Today’s post will focus on a new report entitled GENDER INJUSTICE about how girls get caught in the juvenile justice system. Hawai`i’s adult incarcerated women are about 12% of the incarcerated population. We need to pay attention to and stop the flow of the youth to adult prison pipeline.
We must all be concerned with the inequality in our justice system. Please speak out in support of appropriate sentencing that is proportionate to the offense. We cannot afford to continue creating a criminal underclass.
The Prominence and Plight Of Girls in the Juvenile Justice System
Girls, many of whom have suffered a range of trauma at home, make up a growing share of children arrested and detained across the country.
Joe Sexton, ProPublica, Oct. 2, 2015
“But a recent report by researchers has highlighted what they call a disturbing trend: the prominence and plight of girls in the juvenile justice system.
“In 1992, according to the report, Gender Injustice, girls made up 20 percent of the children arrested in the U.S. In 2012, girls accounted for 29 percent of children arrested, a near 50 percent increase. The percentage of girls in the population of children sent to formal detention facilities grew similarly over those years.
“The authors of the report, Francine Sherman, a professor at Boston College Law School, and Annie Balck, a lawyer formerly with the Children’s Law Center in Washington, D.C., explain the trend by citing the unintended consequences of a crackdown on domestic violence as well as the failures of reform efforts to address the specific needs of girls.
“Girls in the juvenile justice system, they argue, are far more likely to have suffered a range of trauma at home before they wind up arrested. Indeed, girls are 4.4 times more likely than boys to have been sexually abused prior to their brushes with the law.”
Francine T. Sherman and Annie Balck, 2015
In partnership with: The Crittenton Foundation and National Women’s Law Center
Full Report here
Executive Summary here
“Every day in the U.S., abused and traumatized girls enter and are pushed through the justice system. Despite decades of attention, the proportion of girls in the juvenile justice system has increased and their challenges have remained remarkably consistent, resulting in deeply rooted, systemic gender injustice. Even in the midst of the current “developmental era” of reform, juvenile justice systems are routinely failing to modify promising system reforms for girls or even to collect data on how girls are affected by the problems systems seek to remedy.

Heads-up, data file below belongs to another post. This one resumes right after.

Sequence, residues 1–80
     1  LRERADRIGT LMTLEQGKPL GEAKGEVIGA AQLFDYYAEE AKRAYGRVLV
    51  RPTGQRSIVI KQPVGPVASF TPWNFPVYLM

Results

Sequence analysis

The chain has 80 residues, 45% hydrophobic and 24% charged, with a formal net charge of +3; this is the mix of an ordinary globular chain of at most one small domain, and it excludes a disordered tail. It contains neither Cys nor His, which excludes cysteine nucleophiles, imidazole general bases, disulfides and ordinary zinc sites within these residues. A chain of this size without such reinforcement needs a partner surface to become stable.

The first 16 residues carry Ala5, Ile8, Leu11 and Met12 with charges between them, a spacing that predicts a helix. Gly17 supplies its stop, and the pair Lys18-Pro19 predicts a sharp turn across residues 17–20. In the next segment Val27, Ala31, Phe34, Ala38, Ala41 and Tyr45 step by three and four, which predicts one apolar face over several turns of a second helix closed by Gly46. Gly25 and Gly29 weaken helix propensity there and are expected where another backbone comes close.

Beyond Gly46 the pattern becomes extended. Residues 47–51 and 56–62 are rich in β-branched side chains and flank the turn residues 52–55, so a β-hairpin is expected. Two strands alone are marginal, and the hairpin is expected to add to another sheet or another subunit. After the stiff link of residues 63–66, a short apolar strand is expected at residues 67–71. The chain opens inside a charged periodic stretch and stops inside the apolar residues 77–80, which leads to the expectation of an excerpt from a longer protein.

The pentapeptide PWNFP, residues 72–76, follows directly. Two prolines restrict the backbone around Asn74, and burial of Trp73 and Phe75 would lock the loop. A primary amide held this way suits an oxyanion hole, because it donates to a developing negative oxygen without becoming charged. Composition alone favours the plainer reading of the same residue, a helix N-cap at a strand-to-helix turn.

“Despite overall declining juvenile arrest rates, in the last two decades, girls’ share of the juvenile justice system increased at all stages of the juvenile justice process:
- Arrests increased 45 percent (from 20 to 29 percent);
- Court caseload increased 40 percent (from 20 to 28 percent);
- Detentions increased 40 percent (from 15 to 21 percent);
- Post-adjudication probation increased 44 percent (from 16 to 23 percent); and
- Post-adjudication placement increased 42 percent (from 12 to 17 percent).
“The traumatic and unhealthy social environments in which many girls live result in behaviors that are criminalized or are mishandled by other systems, resulting in girls’ entry into the juvenile justice system. Once girls are there, misguided processes pull them deeper into a system that is not built to help, heal, or respond to girls’ developmental needs, and often actually worsens girls’ situations.”